“We have to shift our attitude of ownership of nature to relationship with nature. The moment you change from ownership to relationship, you create a sense of the sacred.” Satish Kumar

The environment represents the whole ecosystem that a society depends upon for various resources such as water, food, and energy. The combination of this large natural ecosystem, society and the economy is called a socio-ecological system.

For a long time, the environment has been a plentiful resource, self-equilibriating and self-sustaining to provide everything for human existence and flourishing. to propel human growth - whether it’s in forests, fresh water or deep below the earth surface.  

However, with radical socio-economic changes like the Industrial Revolution, human economic activity has accerelated. The spawned population growth, huge increases in energy consumption and the erosion of biodiversity. Geologists refer to this new era as the Anthropocene. The key hallmark of this area is that humans have become the most powerful dictators of the natural ecosystem, meaning our activity heavily infleunces the capacity of the natural eocsystem to self-sustain.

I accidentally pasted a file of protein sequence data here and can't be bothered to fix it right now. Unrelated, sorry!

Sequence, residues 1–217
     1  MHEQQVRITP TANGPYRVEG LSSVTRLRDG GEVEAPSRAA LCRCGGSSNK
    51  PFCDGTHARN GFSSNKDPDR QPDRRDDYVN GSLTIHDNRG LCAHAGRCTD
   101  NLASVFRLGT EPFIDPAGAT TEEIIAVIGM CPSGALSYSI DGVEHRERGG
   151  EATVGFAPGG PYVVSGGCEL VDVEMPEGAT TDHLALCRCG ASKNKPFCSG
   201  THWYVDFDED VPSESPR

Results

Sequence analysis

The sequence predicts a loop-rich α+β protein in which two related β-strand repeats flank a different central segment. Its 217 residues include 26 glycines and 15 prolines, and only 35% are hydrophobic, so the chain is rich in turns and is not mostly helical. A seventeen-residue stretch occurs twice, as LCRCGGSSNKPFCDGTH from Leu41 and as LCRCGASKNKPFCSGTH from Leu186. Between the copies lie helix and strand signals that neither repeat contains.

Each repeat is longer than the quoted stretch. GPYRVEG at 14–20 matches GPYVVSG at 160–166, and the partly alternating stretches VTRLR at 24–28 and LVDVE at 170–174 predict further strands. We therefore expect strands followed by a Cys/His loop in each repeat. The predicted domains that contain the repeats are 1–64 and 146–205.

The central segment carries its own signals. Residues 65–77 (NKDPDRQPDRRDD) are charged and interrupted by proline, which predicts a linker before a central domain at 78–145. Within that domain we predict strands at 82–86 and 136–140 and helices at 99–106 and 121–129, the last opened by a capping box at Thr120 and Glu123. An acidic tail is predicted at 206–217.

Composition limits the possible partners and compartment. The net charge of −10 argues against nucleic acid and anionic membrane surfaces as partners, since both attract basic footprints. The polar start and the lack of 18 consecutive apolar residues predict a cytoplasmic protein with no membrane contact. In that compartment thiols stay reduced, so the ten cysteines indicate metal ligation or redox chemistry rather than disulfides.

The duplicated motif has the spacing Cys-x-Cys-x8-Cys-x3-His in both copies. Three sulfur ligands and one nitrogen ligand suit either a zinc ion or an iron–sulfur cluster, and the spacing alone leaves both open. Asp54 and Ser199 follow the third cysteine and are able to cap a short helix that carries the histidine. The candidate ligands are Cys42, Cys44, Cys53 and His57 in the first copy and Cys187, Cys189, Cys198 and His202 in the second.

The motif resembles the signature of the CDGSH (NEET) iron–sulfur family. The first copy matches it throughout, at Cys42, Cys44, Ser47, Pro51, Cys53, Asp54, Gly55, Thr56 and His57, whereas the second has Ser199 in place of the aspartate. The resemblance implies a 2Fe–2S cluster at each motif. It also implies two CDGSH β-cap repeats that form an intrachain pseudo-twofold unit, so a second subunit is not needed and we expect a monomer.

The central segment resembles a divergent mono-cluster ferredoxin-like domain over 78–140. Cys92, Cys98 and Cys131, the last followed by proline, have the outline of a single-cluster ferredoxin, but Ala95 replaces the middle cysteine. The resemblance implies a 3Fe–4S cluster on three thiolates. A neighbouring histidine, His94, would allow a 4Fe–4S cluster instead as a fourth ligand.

With agricultural productivity increasing, there was less need for farmers to remain in villages. Through this migration, the  connectivity with the natural ecosystem - which is still so prevalent in indegenous cultures -  was lost. Instead, it has been replaced by limitless economic activity, and the objectification of nature.

Can we learn from Indigenous cultures across the world and their relationship with nature? For centuries, these so called ‘backward’ communities, have continued to set an example by having a deep-rooted relationship with nature, respecting the land and seeing the ecosystem as sacred.

As humble researchers, can we examine the human connection with the environment in an ever more complex world?

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